1994 – 8 fiche. ISBN 0-88844-922-4 $12.00
Order from the Pontifical Institute of Mediaeval Studies (PIMS)
The fifth fascicle of the Dictionary of Old English, the letter A, consists of 1,505 headwords in 2,331 pages on microfiche. The material on which A is based represents a fresh look at all surviving Old English (except multiple copies of texts), an estimated three million running words.
Although the Dictionary of Old English is meant to serve as a bilingual translation dictionary, it is also a historical dictionary, an inventory and description of the English language from its earliest appearance in written records, ca. 600. It is intended to complement the Oxford English Dictionary for the earliest period of the language; indeed, the Dictionary of Old English will catalogue the Old English vocabulary deliberately excluded from the OED because it failed to survive past 1150.
The Dictionary draws on as wide a range of texts — in date, dialect and genre — as possible. It differs from previous dictionaries in several important features: a listing in a simplified paradigmatic order of every spelling which is attested for a word in the Electronic Corpus; frequency counts for each word in the Corpus so that readers can know what proportion of the evidence has been cited; usage labels where they are statistically significant, noting restrictions to a class of texts, to an author, or to a particular period or dialect; exhaustive citation for all words of twelve or fewer occurrences.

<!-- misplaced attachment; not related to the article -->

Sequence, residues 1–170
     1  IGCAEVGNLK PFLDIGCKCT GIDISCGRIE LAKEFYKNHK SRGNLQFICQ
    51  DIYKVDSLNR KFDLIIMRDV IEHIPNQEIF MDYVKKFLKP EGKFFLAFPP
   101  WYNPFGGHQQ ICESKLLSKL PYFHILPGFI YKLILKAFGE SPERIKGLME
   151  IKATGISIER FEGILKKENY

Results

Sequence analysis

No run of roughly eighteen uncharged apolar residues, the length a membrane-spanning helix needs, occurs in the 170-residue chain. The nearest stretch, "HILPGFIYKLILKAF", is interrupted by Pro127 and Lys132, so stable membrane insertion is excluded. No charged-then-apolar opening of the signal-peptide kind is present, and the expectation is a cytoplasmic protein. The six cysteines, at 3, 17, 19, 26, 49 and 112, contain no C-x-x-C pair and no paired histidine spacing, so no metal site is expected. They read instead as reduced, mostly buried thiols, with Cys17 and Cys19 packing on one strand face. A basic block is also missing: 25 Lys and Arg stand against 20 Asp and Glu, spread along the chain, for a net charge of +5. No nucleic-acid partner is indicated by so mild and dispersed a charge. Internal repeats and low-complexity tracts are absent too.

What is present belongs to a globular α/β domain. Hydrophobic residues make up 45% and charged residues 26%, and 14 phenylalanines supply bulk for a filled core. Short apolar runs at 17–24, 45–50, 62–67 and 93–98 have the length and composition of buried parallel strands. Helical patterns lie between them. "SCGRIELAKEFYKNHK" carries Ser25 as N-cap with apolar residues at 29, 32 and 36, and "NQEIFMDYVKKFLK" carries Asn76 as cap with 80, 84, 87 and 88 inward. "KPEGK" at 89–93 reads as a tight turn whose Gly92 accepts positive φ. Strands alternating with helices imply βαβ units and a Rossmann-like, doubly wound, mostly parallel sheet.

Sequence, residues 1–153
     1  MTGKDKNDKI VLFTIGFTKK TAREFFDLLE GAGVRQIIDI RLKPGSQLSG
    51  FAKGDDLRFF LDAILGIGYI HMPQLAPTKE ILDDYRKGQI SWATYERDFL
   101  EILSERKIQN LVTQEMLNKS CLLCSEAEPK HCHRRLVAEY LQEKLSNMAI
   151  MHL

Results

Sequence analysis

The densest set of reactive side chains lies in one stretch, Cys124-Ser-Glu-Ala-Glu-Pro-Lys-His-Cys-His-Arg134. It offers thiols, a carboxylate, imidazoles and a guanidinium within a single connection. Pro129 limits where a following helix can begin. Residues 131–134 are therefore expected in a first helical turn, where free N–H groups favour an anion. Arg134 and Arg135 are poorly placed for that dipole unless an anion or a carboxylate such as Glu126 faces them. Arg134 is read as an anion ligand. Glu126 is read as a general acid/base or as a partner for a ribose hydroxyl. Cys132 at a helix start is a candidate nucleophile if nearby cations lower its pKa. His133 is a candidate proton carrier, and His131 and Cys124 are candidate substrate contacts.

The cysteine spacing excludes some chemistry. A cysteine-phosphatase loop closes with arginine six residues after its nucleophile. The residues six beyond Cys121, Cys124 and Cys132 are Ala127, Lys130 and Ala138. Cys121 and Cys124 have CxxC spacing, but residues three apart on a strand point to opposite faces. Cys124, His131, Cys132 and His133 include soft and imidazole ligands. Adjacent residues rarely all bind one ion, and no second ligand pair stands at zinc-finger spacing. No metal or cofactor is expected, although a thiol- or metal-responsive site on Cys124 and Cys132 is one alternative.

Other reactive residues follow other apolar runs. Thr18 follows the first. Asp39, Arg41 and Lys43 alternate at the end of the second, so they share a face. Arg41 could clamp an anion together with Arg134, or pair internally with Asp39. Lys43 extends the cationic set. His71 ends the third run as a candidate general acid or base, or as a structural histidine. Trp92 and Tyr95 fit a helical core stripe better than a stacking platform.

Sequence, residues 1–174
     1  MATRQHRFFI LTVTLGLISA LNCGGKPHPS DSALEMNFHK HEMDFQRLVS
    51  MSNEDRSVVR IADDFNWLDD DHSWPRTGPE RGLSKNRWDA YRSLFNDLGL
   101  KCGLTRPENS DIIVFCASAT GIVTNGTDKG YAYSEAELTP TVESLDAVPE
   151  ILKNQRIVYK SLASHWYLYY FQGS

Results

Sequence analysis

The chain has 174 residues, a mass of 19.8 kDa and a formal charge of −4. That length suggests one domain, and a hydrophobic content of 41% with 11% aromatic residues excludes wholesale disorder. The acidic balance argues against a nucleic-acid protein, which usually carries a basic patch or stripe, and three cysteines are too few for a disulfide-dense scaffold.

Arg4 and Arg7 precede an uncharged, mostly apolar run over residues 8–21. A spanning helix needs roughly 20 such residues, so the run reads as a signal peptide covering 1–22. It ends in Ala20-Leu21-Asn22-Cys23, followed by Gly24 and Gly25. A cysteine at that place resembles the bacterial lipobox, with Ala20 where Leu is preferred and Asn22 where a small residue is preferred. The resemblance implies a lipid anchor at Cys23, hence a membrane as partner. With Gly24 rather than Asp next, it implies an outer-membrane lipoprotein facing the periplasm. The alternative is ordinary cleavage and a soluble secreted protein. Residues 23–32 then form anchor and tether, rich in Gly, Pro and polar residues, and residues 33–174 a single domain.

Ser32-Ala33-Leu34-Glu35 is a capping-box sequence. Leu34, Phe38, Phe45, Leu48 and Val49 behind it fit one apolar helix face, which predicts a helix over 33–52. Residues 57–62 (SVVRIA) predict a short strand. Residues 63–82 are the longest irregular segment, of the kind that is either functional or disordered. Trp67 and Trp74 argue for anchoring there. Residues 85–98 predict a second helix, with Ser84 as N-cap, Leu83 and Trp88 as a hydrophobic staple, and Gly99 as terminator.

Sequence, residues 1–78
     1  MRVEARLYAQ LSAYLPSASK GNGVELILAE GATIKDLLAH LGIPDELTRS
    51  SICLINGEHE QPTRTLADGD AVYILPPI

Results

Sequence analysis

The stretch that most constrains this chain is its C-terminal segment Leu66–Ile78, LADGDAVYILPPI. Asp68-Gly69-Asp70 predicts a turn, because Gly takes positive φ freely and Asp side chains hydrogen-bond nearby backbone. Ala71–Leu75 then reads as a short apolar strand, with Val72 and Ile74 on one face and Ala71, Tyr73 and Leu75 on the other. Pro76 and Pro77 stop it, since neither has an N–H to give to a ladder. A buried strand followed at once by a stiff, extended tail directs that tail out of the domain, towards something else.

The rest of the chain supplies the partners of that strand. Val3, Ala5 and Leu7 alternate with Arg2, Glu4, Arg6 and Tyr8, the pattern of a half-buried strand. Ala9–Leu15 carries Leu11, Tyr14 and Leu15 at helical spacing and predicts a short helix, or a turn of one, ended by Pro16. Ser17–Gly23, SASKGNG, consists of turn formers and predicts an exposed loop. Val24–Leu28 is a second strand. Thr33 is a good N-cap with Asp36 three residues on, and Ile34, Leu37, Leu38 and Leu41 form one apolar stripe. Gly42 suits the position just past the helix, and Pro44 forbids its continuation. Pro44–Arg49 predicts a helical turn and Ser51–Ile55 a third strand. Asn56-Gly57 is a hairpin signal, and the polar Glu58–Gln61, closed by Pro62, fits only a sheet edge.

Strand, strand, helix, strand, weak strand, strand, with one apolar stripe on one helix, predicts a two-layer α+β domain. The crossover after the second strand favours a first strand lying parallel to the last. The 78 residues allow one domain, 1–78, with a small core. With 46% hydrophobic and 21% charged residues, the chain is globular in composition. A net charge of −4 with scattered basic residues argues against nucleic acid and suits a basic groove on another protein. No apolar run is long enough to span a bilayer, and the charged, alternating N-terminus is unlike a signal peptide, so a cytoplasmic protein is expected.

Fascicle A was prepared by Antonette diPaolo Healey, Joan Holland, David McDougall, Ian McDougall, Nancy Speirs, and Pauline Thompson, using materials assembled by the late Angus Cameron. Four entries have been written by outside specialists: agan ‘to own’ by Professor Shigeru Ono, Showa Women’s University; agyfan ‘to give, give up’ by Professor Shin’ichi Takeuchi, National Defense Academy, Japan; an ‘one’ by Professor Matti Rissanen, University of Helsinki; and ‘and’ by Professor Eric Stanley, University of Oxford.